Wednesday, August 17, 2005

Our Fascination with True Crime

I have lost count of the number of days that poor Natalee Holloway has been missing. Like many other people, I fear that her case may remain a mystery unless her body washes up on shore or one of the guys gets drunk and says something idiotically incriminating. It's a tragedy, however, the more I see of Natalee and her family on TV, the more worried I become about the way that we report the news.

There is such a fine line between reporting and sensationalizing. Long ago, both network and cable TV realized that true crime was profitable. Viewers are fascinated. People tuned in in droves to watch OJ's famous car chase. I can hardly remember the car that I drove 12 years ago but I will never forget OJ's Bronco!

As sad as the disappearance of Natalee Holloway is, how did it manage to displace Africa or Iraq in the news? Why is it more important than the bombings in London? Is it because the news itself is so horrific, overwhelming and unbearably depressing that we would prefer to focus on one single individual rather than to mourn for the multitudes? There is a phenomenon called "compassion fatigue." That's what happens when people are subjected to too much sorrow or bad news. They can't respond appropriately anymore; they have to numb themselves out a bit.

Perhaps it is easier to compulsively follow true crime stories such as Laci Peterson, Lori Hacking, Elizabeth Smart, JonBenet Ramsey, and Cecilia Zhang. That way we can relate and identify with that one individual. We can collect data and follow the facts day in and day out, so that we try to be amateur detectives. Does this explain the popularity of shows like Law and Order or CSI and authors like Ann Rule?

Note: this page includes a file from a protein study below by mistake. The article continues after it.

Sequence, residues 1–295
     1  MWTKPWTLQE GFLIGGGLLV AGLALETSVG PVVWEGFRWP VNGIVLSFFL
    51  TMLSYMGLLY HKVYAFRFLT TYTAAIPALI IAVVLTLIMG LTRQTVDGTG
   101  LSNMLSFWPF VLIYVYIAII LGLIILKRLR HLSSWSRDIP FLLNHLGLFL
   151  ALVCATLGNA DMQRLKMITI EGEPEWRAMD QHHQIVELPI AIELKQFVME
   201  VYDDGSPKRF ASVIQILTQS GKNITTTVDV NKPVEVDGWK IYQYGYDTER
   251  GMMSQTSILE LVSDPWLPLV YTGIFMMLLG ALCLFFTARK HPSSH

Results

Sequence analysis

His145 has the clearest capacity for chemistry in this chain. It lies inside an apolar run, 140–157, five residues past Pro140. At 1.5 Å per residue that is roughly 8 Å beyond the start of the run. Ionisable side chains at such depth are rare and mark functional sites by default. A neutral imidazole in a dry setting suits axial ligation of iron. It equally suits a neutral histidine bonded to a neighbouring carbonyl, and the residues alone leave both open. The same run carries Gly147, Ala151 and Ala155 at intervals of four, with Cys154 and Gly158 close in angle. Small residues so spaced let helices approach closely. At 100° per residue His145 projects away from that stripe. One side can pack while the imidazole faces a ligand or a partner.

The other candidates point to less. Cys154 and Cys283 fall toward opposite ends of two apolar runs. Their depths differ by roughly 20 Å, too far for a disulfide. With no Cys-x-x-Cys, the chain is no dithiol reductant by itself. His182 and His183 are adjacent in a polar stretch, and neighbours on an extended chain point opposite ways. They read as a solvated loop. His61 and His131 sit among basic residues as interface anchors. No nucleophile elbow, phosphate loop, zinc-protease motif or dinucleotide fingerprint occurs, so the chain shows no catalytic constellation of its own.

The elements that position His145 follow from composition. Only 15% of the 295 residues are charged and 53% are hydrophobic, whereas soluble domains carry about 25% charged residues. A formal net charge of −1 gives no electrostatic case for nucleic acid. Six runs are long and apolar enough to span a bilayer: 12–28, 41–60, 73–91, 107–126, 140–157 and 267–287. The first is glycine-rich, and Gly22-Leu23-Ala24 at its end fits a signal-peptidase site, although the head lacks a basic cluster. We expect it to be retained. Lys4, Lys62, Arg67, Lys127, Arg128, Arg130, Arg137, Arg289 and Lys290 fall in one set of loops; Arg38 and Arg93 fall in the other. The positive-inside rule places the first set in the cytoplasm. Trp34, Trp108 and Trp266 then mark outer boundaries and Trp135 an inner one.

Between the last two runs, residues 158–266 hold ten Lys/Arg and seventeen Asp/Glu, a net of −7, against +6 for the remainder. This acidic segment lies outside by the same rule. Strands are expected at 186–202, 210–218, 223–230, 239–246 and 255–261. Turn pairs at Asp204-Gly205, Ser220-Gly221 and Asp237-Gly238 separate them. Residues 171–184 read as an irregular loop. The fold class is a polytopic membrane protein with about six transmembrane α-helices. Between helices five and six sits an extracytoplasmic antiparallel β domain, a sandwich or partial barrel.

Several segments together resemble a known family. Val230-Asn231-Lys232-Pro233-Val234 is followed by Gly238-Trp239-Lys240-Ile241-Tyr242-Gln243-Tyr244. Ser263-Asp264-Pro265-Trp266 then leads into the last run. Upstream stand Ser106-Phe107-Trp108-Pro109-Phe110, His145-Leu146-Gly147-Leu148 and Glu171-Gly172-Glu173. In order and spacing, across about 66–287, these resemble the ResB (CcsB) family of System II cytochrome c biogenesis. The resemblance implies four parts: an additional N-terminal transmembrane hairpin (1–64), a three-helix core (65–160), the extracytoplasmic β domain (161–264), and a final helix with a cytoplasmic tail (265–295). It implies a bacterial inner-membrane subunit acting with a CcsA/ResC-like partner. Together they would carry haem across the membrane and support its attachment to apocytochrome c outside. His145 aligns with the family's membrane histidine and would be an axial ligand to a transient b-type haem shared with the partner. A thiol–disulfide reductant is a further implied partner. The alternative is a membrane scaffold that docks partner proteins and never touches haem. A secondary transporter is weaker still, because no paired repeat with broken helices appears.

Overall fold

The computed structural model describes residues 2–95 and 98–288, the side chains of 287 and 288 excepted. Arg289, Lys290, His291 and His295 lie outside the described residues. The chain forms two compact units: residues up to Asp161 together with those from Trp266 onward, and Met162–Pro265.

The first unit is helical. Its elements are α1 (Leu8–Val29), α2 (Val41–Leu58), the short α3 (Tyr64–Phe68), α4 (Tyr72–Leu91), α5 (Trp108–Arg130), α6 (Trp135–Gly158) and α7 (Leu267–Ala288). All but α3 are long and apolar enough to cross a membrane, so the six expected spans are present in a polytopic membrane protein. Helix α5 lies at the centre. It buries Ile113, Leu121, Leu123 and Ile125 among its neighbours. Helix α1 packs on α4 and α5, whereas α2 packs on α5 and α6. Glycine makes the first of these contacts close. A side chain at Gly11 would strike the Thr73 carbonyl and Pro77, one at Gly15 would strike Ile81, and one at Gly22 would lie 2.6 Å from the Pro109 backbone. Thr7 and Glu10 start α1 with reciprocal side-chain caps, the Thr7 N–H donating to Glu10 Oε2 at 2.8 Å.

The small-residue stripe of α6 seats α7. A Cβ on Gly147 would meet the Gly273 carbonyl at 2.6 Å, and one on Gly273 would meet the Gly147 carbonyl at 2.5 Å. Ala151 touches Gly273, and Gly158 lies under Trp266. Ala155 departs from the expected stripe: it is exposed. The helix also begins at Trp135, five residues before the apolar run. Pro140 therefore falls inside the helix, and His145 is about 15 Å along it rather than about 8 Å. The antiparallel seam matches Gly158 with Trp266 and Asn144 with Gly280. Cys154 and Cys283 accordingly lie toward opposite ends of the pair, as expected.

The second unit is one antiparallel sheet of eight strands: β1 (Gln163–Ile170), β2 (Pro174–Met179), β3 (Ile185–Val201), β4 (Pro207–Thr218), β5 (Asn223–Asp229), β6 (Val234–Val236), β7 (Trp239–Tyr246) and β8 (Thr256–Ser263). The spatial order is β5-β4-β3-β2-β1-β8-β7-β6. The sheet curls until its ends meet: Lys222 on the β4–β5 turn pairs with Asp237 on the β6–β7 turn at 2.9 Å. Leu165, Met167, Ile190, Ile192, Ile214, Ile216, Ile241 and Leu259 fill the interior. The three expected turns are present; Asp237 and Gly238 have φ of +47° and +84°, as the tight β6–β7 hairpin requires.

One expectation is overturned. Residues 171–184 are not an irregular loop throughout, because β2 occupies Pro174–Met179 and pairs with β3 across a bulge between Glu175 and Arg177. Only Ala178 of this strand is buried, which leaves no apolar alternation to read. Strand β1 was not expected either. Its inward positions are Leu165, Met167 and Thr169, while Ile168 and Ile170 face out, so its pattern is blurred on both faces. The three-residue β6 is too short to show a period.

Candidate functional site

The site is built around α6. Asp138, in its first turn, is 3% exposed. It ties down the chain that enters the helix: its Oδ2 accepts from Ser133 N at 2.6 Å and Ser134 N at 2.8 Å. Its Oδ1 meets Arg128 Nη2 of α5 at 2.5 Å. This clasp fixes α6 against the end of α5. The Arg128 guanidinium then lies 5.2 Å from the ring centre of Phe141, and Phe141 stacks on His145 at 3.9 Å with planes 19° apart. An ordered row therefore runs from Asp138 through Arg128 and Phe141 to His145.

I'm not saying that Natalee doesn't deserve media attention. She does, however, the publicity that she is receiving is way out of proportion to her place in the world.

OTOH, we seem to have very ambivalent feelings about true crime. For example, the recent movie about Karla Homolka, and her sociopathic husband Paul Bernardo, was banned at the Montreal film Festival. I know that the families of the victims did not want that movie to be made and I sympathize with them. Truly, my heart breaks for the Frenchs and the Mahaffeys.

However, the movie MONSTER was a blockbuster hit in the theater earlier this year. It was all about one of the first female serial killers. What about movies like Hotel Rwanda or Schindler's List? Are people only allowed to make movies about war and murder if there is some redeeming social value to them? Ridiculous! We can't pretend that these events never happened like the Holocaust deniers. Better to analyze them out in the open so as never to forget what the dark side of human nature can do.

You may not agree with my opinion. I welcome dissent and discourse. Please sign my guestbook or make a comment on my blog. Thanks!

Sigrid Macdonald

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